Iranians vote on Friday for Parliament. The results could signal whether they are ready to engage more robustly with the West, following a deal with world powers aimed at preventing the country from developing nuclear weapons. Hardliners have effectively controlled the country's political system since Iran's revolution. But Hassan Rouhani, the current president, is considered a moderate and has worked to improve relations with the West. The election will be a crucial test of his agenda. In...

Iran's capital, Tehran, is in political overdrive this week. Candidates for parliament are battling the Tehran traffic, vying for support in Friday's elections. This is Iran's first ballot since a nuclear agreement last July that brought the lifting of international sanctions in January. Long before the nuclear deal was signed, Iranians were told by their leaders that the removal of sanctions would bring more opportunity and better living standards. But for the most part, ordinary Iranians...

Copyright 2016 NPR. To see more, visit http://www.npr.org/. SCOTT SIMON, HOST: And we are following breaking news today. Iranian state media are reporting the release of four Americans from captivity today, including Jason Rezaian, The Washington Post reporter. Now, this news comes on a day that final preparations are being made to lift economic sanctions that had been imposed on Iran over its nuclear program. NPR's Peter Kenyon is following the news from Istanbul. Peter, thanks for being...

Copyright 2016 NPR. To see more, visit http://www.npr.org/. Transcript DAVID GREENE, HOST: An explosion has killed as many as 10 people in Istanbul. This took place in one of Turkey's most famous tourist neighborhoods near the Blue Mosque. Let's try and sort out what happened with NPR's Peter Kenyon, who is based in Istanbul, and he's on the line. Peter, take us through the morning there. PETER KENYON, BYLINE: Well, this was a sizable explosion. I heard it in my apartment. And that's more...

Copyright 2016 NPR. To see more, visit http://www.npr.org/. Transcript DAVID GREENE, HOST: Let's go right to assemble now. With a deadly explosion there this morning. It happened one of Turkey's most famous tourist neighborhoods not far from the blue Mosque. Turkish officials say the death toll as of right now 10. Is Peter Kenyon went to the area of the explosion shortly after it occurred. And he is on the line. And Peter tell us what we know at this point. PETER KENYON, BYLINE: Well this...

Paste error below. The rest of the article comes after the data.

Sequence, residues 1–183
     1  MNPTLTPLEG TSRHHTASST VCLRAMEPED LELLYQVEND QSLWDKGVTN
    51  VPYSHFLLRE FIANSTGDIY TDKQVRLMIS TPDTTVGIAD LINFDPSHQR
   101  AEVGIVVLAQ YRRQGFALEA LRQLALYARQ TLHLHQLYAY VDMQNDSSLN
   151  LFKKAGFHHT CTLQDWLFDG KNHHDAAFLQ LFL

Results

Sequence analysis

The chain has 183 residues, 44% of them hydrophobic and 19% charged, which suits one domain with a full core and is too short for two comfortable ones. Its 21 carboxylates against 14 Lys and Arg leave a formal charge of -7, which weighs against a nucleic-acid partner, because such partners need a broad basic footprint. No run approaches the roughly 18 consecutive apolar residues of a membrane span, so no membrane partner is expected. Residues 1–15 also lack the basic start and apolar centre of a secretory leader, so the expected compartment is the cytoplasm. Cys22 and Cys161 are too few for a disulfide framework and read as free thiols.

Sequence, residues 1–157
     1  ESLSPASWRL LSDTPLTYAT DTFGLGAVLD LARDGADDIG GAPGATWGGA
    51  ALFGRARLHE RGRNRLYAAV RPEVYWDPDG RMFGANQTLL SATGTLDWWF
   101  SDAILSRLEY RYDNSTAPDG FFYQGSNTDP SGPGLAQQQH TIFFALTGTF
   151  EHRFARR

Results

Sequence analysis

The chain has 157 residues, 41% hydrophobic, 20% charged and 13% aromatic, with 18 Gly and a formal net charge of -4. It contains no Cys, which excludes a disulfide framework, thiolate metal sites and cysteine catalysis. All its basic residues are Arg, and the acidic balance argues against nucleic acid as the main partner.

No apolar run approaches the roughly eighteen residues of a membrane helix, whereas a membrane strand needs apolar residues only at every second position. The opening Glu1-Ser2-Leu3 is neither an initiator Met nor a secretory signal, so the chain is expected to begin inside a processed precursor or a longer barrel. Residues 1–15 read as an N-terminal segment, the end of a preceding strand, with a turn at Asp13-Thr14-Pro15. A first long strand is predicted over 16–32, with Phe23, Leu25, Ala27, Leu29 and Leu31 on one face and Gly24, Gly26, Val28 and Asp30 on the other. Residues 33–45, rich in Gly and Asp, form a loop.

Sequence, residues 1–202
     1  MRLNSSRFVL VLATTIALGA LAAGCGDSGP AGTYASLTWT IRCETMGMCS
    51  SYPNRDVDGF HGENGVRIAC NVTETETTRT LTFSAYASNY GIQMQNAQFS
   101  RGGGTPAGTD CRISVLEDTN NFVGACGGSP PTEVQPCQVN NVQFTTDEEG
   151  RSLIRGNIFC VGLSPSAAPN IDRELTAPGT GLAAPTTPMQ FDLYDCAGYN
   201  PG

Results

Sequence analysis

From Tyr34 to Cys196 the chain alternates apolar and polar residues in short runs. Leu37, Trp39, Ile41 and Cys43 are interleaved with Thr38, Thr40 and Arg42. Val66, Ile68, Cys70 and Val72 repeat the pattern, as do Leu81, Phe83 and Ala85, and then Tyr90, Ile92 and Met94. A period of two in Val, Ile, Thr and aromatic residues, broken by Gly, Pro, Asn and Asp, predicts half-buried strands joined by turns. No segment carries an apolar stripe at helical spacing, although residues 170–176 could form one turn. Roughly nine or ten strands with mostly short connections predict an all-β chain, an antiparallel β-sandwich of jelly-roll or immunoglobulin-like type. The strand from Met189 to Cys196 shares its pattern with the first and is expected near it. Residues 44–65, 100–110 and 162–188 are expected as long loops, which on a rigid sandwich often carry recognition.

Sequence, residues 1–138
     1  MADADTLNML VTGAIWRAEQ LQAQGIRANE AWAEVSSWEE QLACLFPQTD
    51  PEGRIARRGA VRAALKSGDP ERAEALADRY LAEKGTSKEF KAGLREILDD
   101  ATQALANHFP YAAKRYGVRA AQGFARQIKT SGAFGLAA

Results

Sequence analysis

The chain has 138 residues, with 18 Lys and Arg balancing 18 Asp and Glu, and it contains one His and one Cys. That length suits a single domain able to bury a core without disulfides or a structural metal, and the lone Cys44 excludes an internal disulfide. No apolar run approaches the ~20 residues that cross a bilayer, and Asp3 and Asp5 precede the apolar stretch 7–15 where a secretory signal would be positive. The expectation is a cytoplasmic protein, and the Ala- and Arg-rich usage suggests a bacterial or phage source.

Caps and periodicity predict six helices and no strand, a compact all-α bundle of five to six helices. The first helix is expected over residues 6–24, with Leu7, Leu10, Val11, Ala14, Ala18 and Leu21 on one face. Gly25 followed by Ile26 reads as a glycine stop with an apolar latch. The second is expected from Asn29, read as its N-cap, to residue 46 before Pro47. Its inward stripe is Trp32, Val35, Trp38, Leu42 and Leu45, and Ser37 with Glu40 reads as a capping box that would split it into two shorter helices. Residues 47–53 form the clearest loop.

Turkey seems to be surrounded by conflicts these days — in neighboring Syria and Iraq, and tensions are running high with Russia. The fight getting the least attention is the one taking place on Turkey's own soil. Turkish security forces resumed operations against minority Kurdish fighters last summer after peace talks broke down . The fighting in the southeast has escalated, with Kurdish areas locked down under military curfews and deadly risks facing those who do venture out. Medical...

http://www.youtube.com/watch?v=NlO_N4gQEDo At a time when regional tensions are running hot, Iran has taken the unusual step of displaying its missiles that are stored in a vast underground complex. The footage on Iranian television this week shows the speaker of Iran's Parliament, Ali Larijani , visiting the subterranean compound. There appear to be long-range ballistic missiles, which United Nations experts say are capable of carrying nuclear warheads. The location of the site was not...

It was never going to be easy to work out a truce in Syria. And the latest escalation of tensions between Iran and Saudi Arabia is likely to spill over into the Syria talks, making prospects for a ceasefire even more remote, according to analysts who follow the region. Another potential loser in the feud is Iran's President Hassan Rouhani, who's been trying to open up his country to the world and is looking to gain additional allies in elections set for next month. But the latest events have...